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BRIAN ANDRES & the Afro-Cuban Jazz Cartel/San Francisco: The Cuban jazz from the town in the title sounds like it was played by cats that grew up sneaking into Tito Puente shows when they were under age and wanted to soak up the music as opposed to the booze and broads. High octane stuff that sounds like the real deal throughout, this kid form Ohio doesn't seem to know about geographic boundaries a whit---or care about them. Smoking throughout, this could even get music critics out of their chairs and bouncing around. Hot stuff throughout.

DAN MUSSELMAN/Devotion: Here's why you're going to hate this guy: he opens this record with a riff that sounds like what you wanted to do when you were 8 years old, didn't know what you were doing but didn't let that stop you from flailing away at the keyboards thinking you were sounding like a profound AHTEEST! He does that riff, but he knows what he's doing and it gets this chops fest off to a great start. Musically interpreting biblical passages without words, you may or may not see that depending how much you have been into the Bible. What you will see/hear is killer flights of sonics that are grounded in what the greats were doing when they rolled off the rails looking for the infinity chord. Musselman sounds like he hasn't ingested those chemicals and didn't need them to aid his search. One of the more brilliant jazz piano dates to come along in a while, this has got the oomph the hard core fan is looking to bite into in his each for real music with real flavor. Well done.

HALLEYANNA: Forget about that ‘old soul' bologna. Halleyanna might just be in her mid 20s but she's got a lot of good ol' gal, Baja Okalahoma in her soul. With a voice that sounds like it's known it's share of sawdust joints with broken beer bottles all over the floor, Jacksboro Highway seems like more than just a history lesson to her. Moving from track to track like a freight train behind schedule, this is a killer set that gives jaded ears such a jolt it's almost unbelievable. Somewhere on that country folk rock singer songwriter continuum, this album resides comfortably occupying it's own space with such surety and style that you won't be able to stop yourself from turning on all your friends to it. Killer stuff that really shine above the rest.

JUNIOR ASTRONOMERS/Dead Nostalgia: They aren't all doing the shag on the beach in North Carolina. Here's a load of emo from one of the homes of the great mortgage collapse and it sounds like this band feels their pain.

GLENN CASHMAN'S SOUTHLAND NONET/Music Without Borders: A couple of musos that are labor in the vineyard types become pals after chance meeting and after working together for a while, decide to throw an annual jazz festival. Hey, kids, let's put on a show? Hardly. This straight ahead jazz set sounds familiar but it's all original and not an ounce derivative. Just solid, killer blowing inspired in more ways than one by the bad boys who powered Kenton's wind and brass. More fun to listen to than talk about, this is killer stuff throughout that restores a lot of the luster to straight ahead that the jazz police are always more than happy to try and tarnish. A winner.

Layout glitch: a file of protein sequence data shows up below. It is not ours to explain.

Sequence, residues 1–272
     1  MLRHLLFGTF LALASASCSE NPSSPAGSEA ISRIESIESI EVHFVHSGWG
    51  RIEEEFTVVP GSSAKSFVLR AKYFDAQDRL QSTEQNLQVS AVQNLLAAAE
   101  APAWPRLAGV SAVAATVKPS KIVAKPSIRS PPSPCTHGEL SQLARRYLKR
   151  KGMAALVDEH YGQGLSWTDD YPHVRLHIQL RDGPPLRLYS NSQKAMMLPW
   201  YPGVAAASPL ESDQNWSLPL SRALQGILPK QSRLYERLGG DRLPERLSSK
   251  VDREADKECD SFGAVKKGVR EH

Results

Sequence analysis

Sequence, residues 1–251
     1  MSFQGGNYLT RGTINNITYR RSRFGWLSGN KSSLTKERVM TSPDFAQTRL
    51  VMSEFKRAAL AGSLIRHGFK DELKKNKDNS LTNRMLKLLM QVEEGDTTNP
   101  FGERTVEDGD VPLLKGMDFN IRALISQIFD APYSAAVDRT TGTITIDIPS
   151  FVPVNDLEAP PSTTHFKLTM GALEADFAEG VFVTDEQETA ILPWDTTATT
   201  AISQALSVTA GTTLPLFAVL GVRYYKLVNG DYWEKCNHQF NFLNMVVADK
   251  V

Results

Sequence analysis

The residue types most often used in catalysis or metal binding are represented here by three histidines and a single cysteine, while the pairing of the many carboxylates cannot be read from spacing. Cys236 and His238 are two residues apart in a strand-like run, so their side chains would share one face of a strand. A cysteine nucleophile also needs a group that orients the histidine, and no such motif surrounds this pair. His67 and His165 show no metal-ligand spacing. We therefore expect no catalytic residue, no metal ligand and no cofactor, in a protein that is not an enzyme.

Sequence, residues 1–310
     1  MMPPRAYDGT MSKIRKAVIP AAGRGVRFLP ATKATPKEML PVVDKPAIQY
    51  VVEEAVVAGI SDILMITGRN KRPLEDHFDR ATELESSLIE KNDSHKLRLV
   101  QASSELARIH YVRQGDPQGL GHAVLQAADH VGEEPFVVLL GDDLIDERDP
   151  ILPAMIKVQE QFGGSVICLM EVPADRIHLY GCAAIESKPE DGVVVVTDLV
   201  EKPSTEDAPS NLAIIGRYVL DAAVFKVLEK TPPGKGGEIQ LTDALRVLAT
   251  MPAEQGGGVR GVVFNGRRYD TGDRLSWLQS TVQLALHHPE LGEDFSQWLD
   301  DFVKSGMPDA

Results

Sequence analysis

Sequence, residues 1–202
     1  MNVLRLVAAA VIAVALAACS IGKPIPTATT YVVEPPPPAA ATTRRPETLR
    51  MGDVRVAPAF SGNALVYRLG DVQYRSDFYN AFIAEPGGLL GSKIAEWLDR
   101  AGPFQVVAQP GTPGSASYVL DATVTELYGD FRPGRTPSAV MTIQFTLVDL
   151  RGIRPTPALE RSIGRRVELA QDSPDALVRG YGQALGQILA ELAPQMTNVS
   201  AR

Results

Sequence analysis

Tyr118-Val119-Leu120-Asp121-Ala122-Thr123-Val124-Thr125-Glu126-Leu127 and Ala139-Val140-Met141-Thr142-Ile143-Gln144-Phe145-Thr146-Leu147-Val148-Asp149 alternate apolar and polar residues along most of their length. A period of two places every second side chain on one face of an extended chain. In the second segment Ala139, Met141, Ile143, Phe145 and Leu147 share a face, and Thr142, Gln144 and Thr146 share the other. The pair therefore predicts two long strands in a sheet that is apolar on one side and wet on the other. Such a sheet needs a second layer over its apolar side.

BRAINKILLER/Colourless Green Superheroes: Is it jazz rock, melodic rock, progressive jazz, all that and more? Non linear jazz for non linear people, this isn't music from the church basement, it's jazz from the mad scientist lab.

MIKE ZITO/Gone to Texas: In which we find the world of southern rock seeming to turn itself on it's head. Once upon a time, it was a badge of honor for white boys to show off how bad ass they were. Now, Zito is leading two bands and a solo career singing and slinging about how he cleaned up and is working hard. Well, at least he's healthy enough to keep guitar slinging in all these formats he's juggling. Bringing home awards in his other guises, this one is sure to turn the trick as well. At least Waylon won't be turning in his grave under this the way he probably is when sippy cup country wafts through the bone yard. Oh yeah, when you've got Delbert McClinton and Sonny Landreth dropping by, how bad can sobriety sound? Give it a spin.

EARL POOLE BALL/Pianography: If there's something about this piano man's rolling country rock that sounds and feels like he was there when something was happening it might just be because he was on the tape when a lot of great musical moments were made, particularly in the long term employ of Johnny Cash. And there's so much more to this old boy that his years behind the Man in Black. Not quite an album and not quite a documentary, this is a look back from the tor of a life that had it's share of ups, downs and in betweens but stacks up as a life well lived. A dandy slice of music history with no dust on it at all. Check out what this legend has to say on his own terms at this stage of the game because this is nothing like the busman's holiday records they used to let session cats make for a few extra bucks that weren't going to be promoted but would find enough of an audience to justify their cost.

Volume 37/Number 236
June 25, 2013
830 W. Route 22 #144
Lake Zurich, IL., 60047
CHRIS SPECTOR, Editor and Publisher
Copyright 2013 Midwest Record

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